There may be an overlap between ideas, language and reality -- but that sort of potential is far from realized in The Bye Bye Man.  This is a complete wreck of a horror movie.

The movie opens in 1969, as a man keeps muttering to himself "Don't say it, don't think it" while walking from house to house with a shotgun, asking people if they told anyone the name.  Then he shoots them.
Jump to the present, where college student Elliot (Douglas Smith), his girlfriend Sasha (Cressida Bonas), and his good friend John (Lucien Laviscount) have rented an off-campus house where they can live.  As usual for a horror movie, there are the beginning minor events: the sound of a coin falling and rolling, what look like figures in the darkness, scratching noises in the middle of the night.  Elliot finds that inside a nightstand, "don't say it, don't think" has been written over and over -- and under it are the words "the Bye Bye Man."

After their psychically sensitive friend Kim (Jenna Kanell) has a seance with the three main characters, Elliot mentions the name "the Bye Bye Man" -- and things get really bad.  All the main characters start hearing or seeing things -- sometimes driving the people to kill themselves.  Some characters who heard the name "the Bye Bye Man" kill others they might have told it to, then themselves.  And Elliot's research suggests that the more "the Bye Bye Man" is said or thought, the stronger he becomes.  Elliot also starts having visions of a cloaked figure, sometimes with a large dog-like creature covered in blood...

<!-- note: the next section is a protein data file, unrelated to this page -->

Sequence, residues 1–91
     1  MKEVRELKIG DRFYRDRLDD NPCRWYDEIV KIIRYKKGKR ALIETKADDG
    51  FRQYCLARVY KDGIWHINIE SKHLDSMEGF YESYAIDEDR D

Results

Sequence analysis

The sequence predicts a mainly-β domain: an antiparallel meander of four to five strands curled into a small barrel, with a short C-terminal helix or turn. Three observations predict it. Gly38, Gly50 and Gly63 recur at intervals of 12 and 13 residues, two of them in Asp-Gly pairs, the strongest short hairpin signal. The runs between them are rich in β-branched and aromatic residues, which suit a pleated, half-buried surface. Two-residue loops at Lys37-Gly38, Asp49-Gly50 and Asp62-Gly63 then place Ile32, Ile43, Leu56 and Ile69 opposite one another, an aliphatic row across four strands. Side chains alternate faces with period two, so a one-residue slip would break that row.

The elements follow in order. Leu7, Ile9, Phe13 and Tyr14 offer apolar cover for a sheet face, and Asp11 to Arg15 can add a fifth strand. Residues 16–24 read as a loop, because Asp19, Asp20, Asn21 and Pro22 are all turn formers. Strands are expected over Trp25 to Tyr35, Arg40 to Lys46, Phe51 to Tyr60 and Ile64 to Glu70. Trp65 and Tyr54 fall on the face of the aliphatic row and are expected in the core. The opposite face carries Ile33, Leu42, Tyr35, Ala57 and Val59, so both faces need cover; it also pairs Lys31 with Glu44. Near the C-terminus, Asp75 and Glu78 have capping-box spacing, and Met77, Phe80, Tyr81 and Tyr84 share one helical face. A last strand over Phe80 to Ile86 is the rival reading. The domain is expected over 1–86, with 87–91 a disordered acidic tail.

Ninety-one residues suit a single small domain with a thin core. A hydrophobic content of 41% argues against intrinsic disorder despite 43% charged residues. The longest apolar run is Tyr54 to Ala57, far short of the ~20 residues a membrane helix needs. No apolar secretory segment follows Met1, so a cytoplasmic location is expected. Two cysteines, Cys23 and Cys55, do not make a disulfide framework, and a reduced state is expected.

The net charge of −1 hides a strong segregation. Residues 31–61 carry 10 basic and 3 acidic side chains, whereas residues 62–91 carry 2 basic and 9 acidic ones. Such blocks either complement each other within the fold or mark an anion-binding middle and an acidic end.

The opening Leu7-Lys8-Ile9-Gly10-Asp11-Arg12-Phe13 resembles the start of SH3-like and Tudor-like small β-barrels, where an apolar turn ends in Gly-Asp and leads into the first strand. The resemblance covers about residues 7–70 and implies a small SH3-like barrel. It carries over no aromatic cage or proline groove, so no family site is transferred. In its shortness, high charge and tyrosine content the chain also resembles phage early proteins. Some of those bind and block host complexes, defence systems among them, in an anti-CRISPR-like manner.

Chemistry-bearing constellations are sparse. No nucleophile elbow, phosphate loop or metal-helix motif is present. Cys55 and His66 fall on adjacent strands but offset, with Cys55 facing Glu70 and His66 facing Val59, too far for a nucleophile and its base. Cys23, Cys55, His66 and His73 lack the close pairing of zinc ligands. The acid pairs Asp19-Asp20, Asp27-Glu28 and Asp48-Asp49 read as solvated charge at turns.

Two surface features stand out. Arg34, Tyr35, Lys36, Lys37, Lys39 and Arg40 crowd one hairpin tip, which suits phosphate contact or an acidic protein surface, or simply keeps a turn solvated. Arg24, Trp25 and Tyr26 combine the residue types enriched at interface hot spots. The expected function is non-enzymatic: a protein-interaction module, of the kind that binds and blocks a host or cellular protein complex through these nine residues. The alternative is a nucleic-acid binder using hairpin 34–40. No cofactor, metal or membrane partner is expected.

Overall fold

Mythology becoming reality has been done in horror movies before, but never as badly as in The Bye Bye Man.  This movie has the unfortunate -- but common in many horror movies -- element of the actors being poor in their roles and having paper-thin characters.  The movie has a visual sense of persistent gloom, from the poorly-lit house to surprisingly dismal daytime scenes.  Lots of things about the movie make no sense, from why the Bye Bye Man kills people whose knowledge of him is what lets him to exist to the point od the dog-type-thing, which adds nothing to the movie.  And worst of all for a horror movie, this isn't scary.  The title character looks like a failed makeup project from Face Off, and the movie lacks either jump scares or growing dread and menace.

I was the only person in the theater showing The Bye Bye Man, and the people who skipped it were luckier than I was.  This may well be the worst movie of the year -- and it's only January!

Overall grade: F
Reviewed by James Lynch

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